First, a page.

Higher bull prices signal recovery

Jared Jennings waves a bull into a pen, while Staci Stanbrough blocks the animal’s way back after the annual Bull Test at the NMSU research station, Tucumcari. Stanbrough and Jennings were driving the bull to a trailer for a ride to its new home.

Jared Jennings waves a bull into a pen, while Staci
Stanbrough blocks the animal’s way back after the
annual Bull Test at the NMSU research station,
Tucumcari. Stanbrough and Jennings were driving
the bull to a trailer for a ride to its new home.

 

By Steve Hansen

QCS Managing Editor

More bulls and better prices Saturday at the Tucumcari Bull Test and auction than in past years are a signal that New Mexico ranchers are rebuilding cattle herds as they get relief from more than a decade of drought, according to ranchers and farmers who attended the event.

The New Mexico State University (NMSU) Agricultural Experiment Station at Tucumcari hosted the annual event.

The event included year-old Hereford and Angus bulls that were examined in the morning and then ushered into an auction pen in the agriculture center’s arena to be sold in the afternoon.  Buyers and spectators came to the Tucumcari sale from all over the state, and many local farmers and ranchers came to monitor sales and prices.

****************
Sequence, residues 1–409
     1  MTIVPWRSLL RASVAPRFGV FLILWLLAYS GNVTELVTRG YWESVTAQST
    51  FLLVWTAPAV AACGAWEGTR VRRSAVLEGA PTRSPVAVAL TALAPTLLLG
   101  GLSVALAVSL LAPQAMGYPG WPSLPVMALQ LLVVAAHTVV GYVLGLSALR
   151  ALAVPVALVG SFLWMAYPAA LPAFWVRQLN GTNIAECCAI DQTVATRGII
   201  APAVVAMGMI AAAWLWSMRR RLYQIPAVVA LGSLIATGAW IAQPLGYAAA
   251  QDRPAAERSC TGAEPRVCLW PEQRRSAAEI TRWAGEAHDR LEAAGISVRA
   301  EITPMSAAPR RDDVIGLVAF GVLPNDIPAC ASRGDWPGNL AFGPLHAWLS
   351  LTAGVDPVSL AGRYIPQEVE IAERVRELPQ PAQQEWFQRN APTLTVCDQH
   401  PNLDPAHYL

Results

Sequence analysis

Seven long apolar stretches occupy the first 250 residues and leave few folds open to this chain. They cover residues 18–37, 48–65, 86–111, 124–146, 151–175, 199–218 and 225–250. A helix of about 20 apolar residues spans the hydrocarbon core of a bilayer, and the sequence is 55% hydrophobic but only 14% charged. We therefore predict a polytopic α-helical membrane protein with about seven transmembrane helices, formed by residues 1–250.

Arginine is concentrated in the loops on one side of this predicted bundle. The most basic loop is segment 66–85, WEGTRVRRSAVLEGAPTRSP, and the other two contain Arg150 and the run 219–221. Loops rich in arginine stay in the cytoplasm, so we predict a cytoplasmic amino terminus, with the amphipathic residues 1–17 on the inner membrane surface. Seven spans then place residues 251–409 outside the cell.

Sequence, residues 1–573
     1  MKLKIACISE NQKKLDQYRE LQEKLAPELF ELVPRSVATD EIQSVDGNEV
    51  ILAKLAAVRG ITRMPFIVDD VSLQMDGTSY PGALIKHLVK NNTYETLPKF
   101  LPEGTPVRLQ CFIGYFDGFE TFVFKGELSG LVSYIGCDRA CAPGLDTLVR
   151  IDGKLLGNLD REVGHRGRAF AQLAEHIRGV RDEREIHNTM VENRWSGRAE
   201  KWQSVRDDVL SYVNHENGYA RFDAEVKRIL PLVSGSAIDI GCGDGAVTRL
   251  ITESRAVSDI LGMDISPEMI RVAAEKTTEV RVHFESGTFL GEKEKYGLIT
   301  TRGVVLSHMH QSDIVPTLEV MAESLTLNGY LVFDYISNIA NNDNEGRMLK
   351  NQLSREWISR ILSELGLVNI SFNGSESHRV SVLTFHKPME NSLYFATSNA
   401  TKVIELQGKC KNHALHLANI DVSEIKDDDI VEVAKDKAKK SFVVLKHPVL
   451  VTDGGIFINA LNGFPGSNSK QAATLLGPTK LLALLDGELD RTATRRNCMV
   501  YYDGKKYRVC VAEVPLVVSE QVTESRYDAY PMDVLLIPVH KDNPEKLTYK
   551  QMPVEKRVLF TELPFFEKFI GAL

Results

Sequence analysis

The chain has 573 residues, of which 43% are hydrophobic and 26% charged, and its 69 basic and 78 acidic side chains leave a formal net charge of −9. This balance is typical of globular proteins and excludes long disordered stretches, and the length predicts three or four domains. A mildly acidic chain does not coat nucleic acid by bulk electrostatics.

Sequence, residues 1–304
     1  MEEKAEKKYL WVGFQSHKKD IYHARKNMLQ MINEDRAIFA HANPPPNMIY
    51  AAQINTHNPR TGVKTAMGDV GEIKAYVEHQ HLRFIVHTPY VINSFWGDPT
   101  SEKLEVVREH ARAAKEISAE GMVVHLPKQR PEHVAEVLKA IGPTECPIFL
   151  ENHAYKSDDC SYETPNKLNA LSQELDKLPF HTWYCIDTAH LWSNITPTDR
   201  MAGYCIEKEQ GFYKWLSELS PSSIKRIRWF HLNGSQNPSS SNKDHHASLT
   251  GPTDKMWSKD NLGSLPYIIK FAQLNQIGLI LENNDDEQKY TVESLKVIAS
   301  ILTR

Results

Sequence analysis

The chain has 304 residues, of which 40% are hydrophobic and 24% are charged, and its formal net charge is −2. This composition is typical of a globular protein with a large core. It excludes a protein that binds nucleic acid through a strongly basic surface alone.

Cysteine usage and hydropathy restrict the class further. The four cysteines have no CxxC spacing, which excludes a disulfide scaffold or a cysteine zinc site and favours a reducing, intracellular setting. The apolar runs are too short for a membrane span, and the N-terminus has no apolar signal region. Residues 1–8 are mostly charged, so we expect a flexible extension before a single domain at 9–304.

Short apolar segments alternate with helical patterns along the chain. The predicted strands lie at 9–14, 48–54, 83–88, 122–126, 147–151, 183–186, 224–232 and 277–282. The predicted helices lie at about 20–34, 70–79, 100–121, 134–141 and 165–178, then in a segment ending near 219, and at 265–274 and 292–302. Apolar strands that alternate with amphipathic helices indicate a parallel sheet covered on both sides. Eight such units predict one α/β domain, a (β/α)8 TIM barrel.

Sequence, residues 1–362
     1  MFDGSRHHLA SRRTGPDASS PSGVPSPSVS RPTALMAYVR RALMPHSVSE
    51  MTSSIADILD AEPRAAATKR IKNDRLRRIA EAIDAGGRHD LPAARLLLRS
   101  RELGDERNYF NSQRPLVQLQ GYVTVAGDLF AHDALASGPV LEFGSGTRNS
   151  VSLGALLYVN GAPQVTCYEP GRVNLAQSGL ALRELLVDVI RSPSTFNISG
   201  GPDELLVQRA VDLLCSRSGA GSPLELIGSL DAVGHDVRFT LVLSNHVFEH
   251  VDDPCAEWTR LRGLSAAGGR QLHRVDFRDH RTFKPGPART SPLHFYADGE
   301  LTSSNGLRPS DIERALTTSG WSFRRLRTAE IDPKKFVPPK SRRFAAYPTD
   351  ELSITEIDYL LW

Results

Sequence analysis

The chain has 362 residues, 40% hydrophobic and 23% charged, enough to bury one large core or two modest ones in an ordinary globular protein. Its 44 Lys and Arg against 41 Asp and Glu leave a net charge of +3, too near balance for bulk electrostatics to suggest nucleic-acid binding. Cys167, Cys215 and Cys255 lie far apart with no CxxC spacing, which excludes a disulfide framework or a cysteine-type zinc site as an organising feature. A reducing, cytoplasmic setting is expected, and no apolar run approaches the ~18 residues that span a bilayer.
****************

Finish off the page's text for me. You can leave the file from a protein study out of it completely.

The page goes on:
Angus bulls were sold for an average of $5,500, highest  price $9,500, Leonard Lauriault, supervisor of the experiment station said.  Of the 58 bulls sold Saturday, 40 were Angus.

Herefords bulls sold for an average of $4,800, highest price $5,500, Lauriault said.

Kevin McCall, chief executive of McCall Land and Cattle Co., Moriarty, said Saturday’s sale was one of the best he had seen in Tucumcari.

“We’ve had good rain and snow,” he said, “and we’re seeing a lot of heifers this year.  The herds are coming back.”
Roger Emigh of Dodge City, Kansas, the world-champion auctioneer who conducted the bull sale, also observed that Saturday’s event “was a good sale.”

Weather is a factor, he said, but the market is also seeing “better genetics” in breeding bulls. The prices, he said, were $2,300 to $2,500 better per bull than he has seen in recent years, even though he chided the buyers that the best-rated Angus bull would garner $20,000 at some auctions, as he tried to bring that bull’s price to $10,000.

Philip Box, a Tucumcari farmer who raises feed crops said, “The rain has done good for a lot of folks in a lot of ways.”

For Box, better  rain means better crops, and with more cattle, there will be more sales, he said.  As crop supplies grow, however, he said, prices may decline.

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